Last month, David and I traveled the new road to Volcan, on the other side of the volcano, and found some beautiful and fresh produce to bring home with us. We bought 3 large, red cabbages and 50 pounds of carrots! You can read about what I did with some of the carrots in an earlier blog.

Oh, yes, I used up all the carrots. I also researched how to make sauerkraut. Then, I carefully sliced the cabbages very thinly, added some grated carrots, and made the most delicious sauerkraut we have ever tasted!

Handmade Red & Orange Sauerkraut

3 large heads of cabbage, red or green, finely shredded
3 cups carrots, finely grated
1 cup salt
large crock, jar, or plastic, food-safe bucket
round, “cover-plate” to fit inside the fermenting container
large, clear-plastic, food-safe bag
dish towel as final cover

Remove outer leaves and any undesirable portions from firm, mature, heads of cabbage and wash. Cut into halves or quarters and remove the core. Use a food processor or sharp knife to cut the cabbage into thin shreds. In a large bowl, thoroughly coat the shredded cabbage and grated carrots with salt. Let the salted cabbage stand for 20 minutes to wilt slightly.

Pack about half the salted cabbage mixture firmly into a large, clean crock, jar, or plastic food container. Several local bakeries have white, food-safe buckets for sale that work perfectly for this purpose. Using a wooden spoon, pound down on the cabbage mixture firmly until the juice comes to the surface. Pack the remainder of the mixture on top of the first half and pound down again.

Insert the “cover-plate” into the plastic bag and partly fill the bag with salty water. Twist the top of the bag and wrap with tie-wrap to seal. Set the bag inside the container, making sure the plate rests firmly on top of the cabbage. The bag seals the cabbage from air, yet allows for fermentation.

This photo shows the bucket I used and the white plate inserted into a clear, plastic bag, which was the cover. Drape the entire container with a clean cloth that matches your kitchen decor, a dish towel works fine. The amount of water in the plastic bag can be adjusted to give just enough pressure to keep the fermenting cabbage covered with brine. Keep the sauerkraut on your kitchen counter, so you can look at it every day or so. Wipe off any mold from the bag or sides of the container with a folded paper towel, lift out the bag, stir the kraut, press down and return the bag to the top of the kraut. No need to change the water inside the bag. You’ll love the aroma in your kitchen as your cabbage ferments!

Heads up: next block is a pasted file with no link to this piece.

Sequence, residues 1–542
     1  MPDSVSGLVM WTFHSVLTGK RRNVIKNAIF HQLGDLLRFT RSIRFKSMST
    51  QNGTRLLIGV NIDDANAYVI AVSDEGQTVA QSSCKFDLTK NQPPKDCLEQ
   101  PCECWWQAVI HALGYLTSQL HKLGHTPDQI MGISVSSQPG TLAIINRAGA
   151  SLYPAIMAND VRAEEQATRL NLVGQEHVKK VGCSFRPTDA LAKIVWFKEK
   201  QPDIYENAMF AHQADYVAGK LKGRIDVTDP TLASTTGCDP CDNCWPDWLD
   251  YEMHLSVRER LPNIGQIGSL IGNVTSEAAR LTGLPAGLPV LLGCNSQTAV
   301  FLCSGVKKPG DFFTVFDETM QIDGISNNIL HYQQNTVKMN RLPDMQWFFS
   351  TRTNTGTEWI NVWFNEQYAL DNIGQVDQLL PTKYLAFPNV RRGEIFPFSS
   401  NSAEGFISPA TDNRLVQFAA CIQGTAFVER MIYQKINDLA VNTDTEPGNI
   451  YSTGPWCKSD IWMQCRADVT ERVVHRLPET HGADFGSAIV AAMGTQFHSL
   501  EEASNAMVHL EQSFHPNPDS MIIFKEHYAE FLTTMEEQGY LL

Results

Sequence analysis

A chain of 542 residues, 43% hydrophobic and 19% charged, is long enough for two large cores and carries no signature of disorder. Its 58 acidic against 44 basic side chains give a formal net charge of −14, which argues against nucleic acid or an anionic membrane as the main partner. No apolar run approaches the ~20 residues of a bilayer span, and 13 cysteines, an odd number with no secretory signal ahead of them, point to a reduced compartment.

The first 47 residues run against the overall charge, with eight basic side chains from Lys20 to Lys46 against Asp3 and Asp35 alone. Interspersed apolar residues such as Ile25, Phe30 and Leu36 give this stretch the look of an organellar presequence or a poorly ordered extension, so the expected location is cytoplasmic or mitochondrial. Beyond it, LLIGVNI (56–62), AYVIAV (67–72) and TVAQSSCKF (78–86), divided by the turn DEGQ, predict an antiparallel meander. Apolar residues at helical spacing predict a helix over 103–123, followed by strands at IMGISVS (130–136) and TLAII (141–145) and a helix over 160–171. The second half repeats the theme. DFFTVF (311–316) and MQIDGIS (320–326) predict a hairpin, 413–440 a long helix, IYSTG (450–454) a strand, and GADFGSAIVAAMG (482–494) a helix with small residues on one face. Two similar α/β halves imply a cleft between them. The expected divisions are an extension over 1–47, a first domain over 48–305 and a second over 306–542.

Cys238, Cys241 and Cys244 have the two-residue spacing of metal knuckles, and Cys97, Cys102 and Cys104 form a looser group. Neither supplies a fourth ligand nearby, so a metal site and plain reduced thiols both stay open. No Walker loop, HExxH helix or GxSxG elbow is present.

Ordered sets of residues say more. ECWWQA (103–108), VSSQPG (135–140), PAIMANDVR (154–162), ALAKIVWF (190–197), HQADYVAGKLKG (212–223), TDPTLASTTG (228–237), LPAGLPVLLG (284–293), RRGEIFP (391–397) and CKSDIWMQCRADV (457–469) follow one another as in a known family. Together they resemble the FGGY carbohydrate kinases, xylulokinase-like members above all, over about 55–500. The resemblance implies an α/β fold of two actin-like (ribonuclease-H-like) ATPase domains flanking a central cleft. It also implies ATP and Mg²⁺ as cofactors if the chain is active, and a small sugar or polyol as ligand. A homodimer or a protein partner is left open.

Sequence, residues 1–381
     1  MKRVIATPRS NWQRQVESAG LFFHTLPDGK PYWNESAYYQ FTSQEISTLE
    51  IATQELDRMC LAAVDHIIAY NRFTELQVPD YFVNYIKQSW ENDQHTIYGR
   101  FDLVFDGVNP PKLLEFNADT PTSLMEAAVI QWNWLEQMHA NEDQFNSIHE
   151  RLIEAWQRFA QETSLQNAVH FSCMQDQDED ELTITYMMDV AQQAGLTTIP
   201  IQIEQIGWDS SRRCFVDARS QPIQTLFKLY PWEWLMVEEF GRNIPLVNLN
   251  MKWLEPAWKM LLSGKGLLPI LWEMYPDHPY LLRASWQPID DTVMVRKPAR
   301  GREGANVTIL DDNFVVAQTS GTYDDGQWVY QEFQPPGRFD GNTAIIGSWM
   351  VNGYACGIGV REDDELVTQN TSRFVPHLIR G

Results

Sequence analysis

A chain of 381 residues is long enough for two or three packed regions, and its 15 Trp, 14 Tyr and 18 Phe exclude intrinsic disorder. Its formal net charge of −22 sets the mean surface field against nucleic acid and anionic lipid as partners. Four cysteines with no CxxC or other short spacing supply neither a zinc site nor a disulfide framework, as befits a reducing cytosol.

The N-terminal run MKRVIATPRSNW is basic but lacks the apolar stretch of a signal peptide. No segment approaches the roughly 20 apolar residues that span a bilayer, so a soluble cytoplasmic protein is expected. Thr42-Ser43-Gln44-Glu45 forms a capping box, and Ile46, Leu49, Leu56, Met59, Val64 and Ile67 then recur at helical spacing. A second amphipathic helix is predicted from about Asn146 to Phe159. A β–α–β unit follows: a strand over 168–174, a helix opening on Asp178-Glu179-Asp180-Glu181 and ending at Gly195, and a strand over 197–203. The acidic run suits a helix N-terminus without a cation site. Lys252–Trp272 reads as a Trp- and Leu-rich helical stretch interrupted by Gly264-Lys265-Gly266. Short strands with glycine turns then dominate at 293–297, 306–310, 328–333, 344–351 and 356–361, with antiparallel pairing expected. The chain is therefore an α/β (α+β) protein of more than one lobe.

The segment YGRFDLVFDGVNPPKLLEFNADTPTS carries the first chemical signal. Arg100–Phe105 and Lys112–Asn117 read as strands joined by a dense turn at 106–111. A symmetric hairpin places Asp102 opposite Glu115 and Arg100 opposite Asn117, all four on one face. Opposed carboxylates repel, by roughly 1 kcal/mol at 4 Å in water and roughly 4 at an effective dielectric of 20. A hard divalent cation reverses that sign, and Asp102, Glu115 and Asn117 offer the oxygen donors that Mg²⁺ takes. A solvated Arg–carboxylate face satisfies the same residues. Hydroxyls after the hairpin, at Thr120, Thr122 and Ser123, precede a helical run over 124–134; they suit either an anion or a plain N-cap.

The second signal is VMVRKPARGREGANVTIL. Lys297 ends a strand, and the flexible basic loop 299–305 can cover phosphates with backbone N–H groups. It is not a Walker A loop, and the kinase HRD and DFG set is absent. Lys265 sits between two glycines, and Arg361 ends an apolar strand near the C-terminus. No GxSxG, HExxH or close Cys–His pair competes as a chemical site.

Fully fermented sauerkraut, which takes 4-5 weeks, may be kept tightly covered in the refrigerator for a few months, or it can be frozen in sealed freezer bags. If the finished kraut seems too salty, rinse with clear water just before using. You may like to add a bit of sugar to the kraut while heating to serve. You will find more sauerkraut variations in “Boquete Gourmet Community Cookbook”, coming in June.

This kraut is especially good served with Berard’s bratwurst, “Chorizo de Ternera”, Dijon mustard, and garlic mashed potatoes. This menu makes a “fancy dinner party”, as Martine and Mark hosted recently in their lovely home high up on a mountainside, overlooking Boquete.

Recipes for using sauerkraut are easily found on the internet. Enjoy this easy, nutritious and delicious dish, especially when made with Boquete’s plentiful, fresh, firm and beautiful cabbages, and served with an ice-cold bottle of Panama’s Cerveza Balboa.
Very nice, indeed!
Cora